Study Finds $10.10 Minimum Wage Would Cost Pennsylvania 30,000 Jobs
Wage hike would have a disproportionate impact on women, minimal impact on poverty
Publication Date: November 2015
Topics: Minimum Wage
Washington D.C. — In advance of an anticipated Senate vote on a $10.10 minimum wage, the Employment Policies Institute (EPI) is highlighting a study by Drs. David Macpherson of Trinity University and William Even of Miami University finding that 30,000 jobs would be lost in Pennsylvania if the state increases its minimum wage to $10.10. State Sen. Christine Tartaglione is trying to force the Senate to vote on her legislation to raise the state’s minimum wage by 39 percent to $10.10.
Last year, the nonpartisan Congressional Budget Office concluded that 500,000 jobs would be lost nationwide from a federal minimum wage increase to $10.10. Replicating its methodology, the economists can determine the number of jobs lost in Pennsylvania and who would be most affected. They estimate that 65 percent of the job loss would be among women, who are more likely to be employed in entry-level jobs (see table below).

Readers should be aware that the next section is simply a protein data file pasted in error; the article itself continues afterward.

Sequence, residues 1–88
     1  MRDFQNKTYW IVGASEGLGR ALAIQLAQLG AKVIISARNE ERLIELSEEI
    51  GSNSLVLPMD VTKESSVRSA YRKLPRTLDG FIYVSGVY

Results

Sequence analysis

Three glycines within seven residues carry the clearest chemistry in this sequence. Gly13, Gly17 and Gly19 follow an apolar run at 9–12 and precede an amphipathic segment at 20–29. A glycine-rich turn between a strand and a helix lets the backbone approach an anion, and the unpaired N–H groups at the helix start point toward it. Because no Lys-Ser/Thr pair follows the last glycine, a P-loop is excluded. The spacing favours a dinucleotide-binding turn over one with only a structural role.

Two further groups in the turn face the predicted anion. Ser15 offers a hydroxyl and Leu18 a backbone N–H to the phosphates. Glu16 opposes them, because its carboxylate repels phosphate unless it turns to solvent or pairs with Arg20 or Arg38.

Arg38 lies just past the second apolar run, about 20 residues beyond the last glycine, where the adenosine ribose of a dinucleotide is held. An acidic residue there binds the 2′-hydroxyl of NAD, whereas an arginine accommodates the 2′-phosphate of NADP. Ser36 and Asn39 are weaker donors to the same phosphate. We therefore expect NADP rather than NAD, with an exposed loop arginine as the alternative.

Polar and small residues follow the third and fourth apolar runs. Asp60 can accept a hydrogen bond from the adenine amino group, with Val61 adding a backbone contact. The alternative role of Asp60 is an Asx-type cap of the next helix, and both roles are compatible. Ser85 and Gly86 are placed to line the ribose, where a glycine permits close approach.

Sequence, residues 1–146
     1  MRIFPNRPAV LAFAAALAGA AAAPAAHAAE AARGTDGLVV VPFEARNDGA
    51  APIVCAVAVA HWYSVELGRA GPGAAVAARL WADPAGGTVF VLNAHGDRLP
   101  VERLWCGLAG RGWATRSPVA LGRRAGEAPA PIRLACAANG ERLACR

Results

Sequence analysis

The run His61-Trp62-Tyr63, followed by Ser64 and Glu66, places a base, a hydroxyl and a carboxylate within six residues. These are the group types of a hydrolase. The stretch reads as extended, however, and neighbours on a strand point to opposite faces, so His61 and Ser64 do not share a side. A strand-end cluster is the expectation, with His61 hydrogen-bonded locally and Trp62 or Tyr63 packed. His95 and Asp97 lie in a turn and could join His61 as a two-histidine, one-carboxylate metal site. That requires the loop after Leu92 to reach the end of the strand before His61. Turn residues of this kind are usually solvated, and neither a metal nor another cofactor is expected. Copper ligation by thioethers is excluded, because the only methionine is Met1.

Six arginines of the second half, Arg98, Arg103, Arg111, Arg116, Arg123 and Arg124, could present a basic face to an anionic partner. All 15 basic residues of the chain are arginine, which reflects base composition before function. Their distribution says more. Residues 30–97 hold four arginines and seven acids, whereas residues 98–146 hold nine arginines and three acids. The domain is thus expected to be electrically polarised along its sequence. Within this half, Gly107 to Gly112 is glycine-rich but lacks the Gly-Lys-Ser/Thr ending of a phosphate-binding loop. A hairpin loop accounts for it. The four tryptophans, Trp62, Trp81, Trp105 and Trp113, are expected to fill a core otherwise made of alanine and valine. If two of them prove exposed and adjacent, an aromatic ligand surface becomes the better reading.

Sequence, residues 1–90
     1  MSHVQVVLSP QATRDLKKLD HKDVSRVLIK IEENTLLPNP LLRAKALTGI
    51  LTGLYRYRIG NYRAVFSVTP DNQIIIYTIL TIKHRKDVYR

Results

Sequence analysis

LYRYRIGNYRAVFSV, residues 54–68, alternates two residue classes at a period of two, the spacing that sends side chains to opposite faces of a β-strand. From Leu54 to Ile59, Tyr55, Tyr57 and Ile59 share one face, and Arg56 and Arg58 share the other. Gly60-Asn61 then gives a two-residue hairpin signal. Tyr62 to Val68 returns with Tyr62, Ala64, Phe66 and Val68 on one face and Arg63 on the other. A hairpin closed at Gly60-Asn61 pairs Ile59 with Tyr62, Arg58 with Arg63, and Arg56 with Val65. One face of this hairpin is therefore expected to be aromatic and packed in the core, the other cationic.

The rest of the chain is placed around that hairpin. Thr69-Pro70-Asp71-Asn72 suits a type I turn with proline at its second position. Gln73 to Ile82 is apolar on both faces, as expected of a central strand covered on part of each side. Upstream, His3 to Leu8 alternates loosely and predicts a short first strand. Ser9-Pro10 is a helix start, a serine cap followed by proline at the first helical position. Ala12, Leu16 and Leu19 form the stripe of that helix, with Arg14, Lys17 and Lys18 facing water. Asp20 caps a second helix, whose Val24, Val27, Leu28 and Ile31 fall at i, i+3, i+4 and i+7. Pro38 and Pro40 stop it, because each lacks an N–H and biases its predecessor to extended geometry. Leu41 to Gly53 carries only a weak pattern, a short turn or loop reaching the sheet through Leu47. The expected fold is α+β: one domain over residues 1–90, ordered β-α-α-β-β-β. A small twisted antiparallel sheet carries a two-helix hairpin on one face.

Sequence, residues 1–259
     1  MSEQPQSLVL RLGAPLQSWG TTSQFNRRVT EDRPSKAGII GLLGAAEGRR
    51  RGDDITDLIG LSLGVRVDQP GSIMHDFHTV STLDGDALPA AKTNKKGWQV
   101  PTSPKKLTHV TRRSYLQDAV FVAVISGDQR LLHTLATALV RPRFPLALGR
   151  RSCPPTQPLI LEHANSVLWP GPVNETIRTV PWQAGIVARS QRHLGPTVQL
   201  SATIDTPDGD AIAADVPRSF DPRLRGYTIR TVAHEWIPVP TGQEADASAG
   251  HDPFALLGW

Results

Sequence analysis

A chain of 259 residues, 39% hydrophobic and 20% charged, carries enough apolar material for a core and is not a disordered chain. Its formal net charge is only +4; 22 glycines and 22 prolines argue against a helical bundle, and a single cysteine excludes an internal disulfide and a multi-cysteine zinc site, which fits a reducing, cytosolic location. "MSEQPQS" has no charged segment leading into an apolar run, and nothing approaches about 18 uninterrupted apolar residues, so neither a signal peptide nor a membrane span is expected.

|Male Job Loss||Female Job Loss|
The economists also found that only eight percent of those affected are single parents and only 15 percent are single earners with families (see table below). Because so many minimum wage earners live in households where they’re either a second- or third- earners, the average household income in Pennsylvania for those affected by a minimum wage increase to $10.10 is $61,762. These data suggest that a wage hike is unlikely to have a measurable impact on poverty.
|Single Adult||Single Parent||Married Sole Earner||Married Dual Earner||Living With Family or Relative|
Read the full analysis here.
“While minimum wage proponents claim $10.10 would help Pennsylvania’s poor, economists say otherwise, estimating that it would cost the state 30,000 jobs,” said Michael Saltsman, research director at the Employment Policies Institute. “If Pennsylvania legislators were truly interested in helping the poor, they’d explore a state-level Earned Income Tax Credit, which has significantly helped the poor in neighboring states.”